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What Causes Parkinson’s? Four New Projects Look for Contributors in Environment

Researcher in a lab

True to our mission of a world without Parkinson’s disease, The Michael J. Fox Foundation (MJFF) explores cures from all angles. Toxic factors in the environment may contribute to Parkinson’s risk. Recent grants are supporting four studies to investigate the connection between exposure to factors in the environment (e.g., pollution and pesticides) and disease.

Such information can be used to advocate for regulations limiting these exposures. Those protections may reduce some risk of Parkinson’s disease. [MJFF leads much of this advocacy as founder of the Unified Parkinson’s Advocacy Council of more than 20 partner organizations.]

Additionally, these connections provide the basis for biological studies. Scientists can explore the steps between exposure and symptom onset looking for places to stop the disease process.

Read below and click through for more on these four new projects.

  • Exposures during Military Service
    Samuel Goldman, MD; University of California, San Francisco

    Service at some military bases and deployment sites is linked to greater risk of Parkinson’s disease.

    Goldman and his team will review data from the Millennium Cohort Study (MilCo). It includes over 200,000 service members who complete surveys every three to five years on health and environmental toxicants encountered during military service and deployments.

    MilCo provides the opportunity to investigate a range of exposures, some of which may also be relevant for a broader population.
  • Profiles of Geographic Parkinson’s Clusters
    Susan Nielsen, PhD; Washington University in St. Louis

    Geographic clusters of Parkinson’s — areas where more people develop the disease than expected — can provide clues about environmental causes.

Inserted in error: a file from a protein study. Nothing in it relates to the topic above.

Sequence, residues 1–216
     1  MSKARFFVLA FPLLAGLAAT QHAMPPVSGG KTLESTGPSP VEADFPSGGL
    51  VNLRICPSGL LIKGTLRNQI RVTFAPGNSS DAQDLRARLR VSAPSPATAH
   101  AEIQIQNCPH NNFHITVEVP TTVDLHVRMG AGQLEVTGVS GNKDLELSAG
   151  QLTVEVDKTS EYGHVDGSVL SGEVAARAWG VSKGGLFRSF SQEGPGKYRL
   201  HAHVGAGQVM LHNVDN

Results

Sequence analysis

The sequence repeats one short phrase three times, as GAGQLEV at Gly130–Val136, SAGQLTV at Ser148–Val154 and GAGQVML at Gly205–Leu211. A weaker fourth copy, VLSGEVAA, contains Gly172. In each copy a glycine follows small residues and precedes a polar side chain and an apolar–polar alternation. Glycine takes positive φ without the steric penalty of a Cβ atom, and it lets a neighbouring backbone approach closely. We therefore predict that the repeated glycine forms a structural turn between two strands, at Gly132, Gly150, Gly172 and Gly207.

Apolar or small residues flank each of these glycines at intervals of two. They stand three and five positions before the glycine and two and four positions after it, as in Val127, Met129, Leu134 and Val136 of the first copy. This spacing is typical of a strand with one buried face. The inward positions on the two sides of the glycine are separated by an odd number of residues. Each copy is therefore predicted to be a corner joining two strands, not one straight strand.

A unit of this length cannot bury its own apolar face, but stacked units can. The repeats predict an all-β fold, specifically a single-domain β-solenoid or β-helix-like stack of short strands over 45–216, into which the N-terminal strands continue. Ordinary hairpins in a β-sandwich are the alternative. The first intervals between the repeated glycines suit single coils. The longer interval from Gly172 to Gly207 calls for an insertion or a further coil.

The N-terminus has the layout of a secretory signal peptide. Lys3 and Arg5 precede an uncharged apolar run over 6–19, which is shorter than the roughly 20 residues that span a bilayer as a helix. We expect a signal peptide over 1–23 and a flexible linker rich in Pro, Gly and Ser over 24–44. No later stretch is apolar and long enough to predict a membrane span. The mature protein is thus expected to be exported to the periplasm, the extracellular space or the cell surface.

Nielsen and her group will use data from more than 22 million Medicare recipients to find clusters of people diagnosed with Parkinson’s. They then will identify potential environmental exposures in that area and assess concentrations of those agents in local air, water and soil using publicly available data.
  • Influence of Today’s Pesticides on Disease
    Beate Ritz, MD, PhD; University of California, Los Angeles

    Science has had success in naming environmental disease drivers such as pesticides like rotenone and paraquat. But research must continue to examine new products for safety.

    Ritz will lead a project reviewing data on types and location of pesticide use in California from 1974 to 2018 (more than 200 pesticides). They will compare that data with home and job address histories from volunteers in a large Parkinson’s study. This research may identify geographic clusters linked to use of some pesticides.

    Additionally, the team will study how those exposures may change biology. Learning more about the biological pathways could help better understand disease even in people without these exposures. Much Parkinson’s biology is shared regardless of disease cause.
  • Air Pollution’s Impact on Parkinson’s Disease
    Anna-Maija Tolppanen, PhD; University of Eastern Finland

    Some studies have shown increased risk of Parkinson’s with exposure to air pollutants. (Read a paper out this month with such findings.) But more evidence on the effects of air pollution exposure on the onset of brain disease is urgently needed.

    Tolppanen and her team will compare data from the Finnish Parkinson’s Disease Study — a study of more than 22,000 people with Parkinson’s and 148,000 control volunteers — and individual-level data on exposure to 16 different pollutants (e.g., smog, gases.

    (MJFF is also funding Tolppanen to review prescription data for any therapies given for other conditions that may also help lower Parkinson’s risk.)

MJFF also has funded the California Parkinson’s Disease Registry, which collects data on Parkinson’s diagnoses across the state. That data could be useful for studies like these. The registry will soon make its de-identified data open to the scientific community.

While looking at environment is an important part of stopping disease, likely no exposure causes Parkinson’s on its own. Not everyone with these exposures develops disease. Scientists believe both genetics and environment contribute. Read more on causes of Parkinson’s disease.

Our landmark study the Parkinson’s Progression Markers Initiative (PPMI) is recruiting people with and without Parkinson’s to better understand disease risk. Take a short survey to see if you may be eligible.

Interested in learning more about activities to impact Parkinson’s policies and programs? Read our Updates from Washington and sign up for our policy network to receive more news and opportunities.

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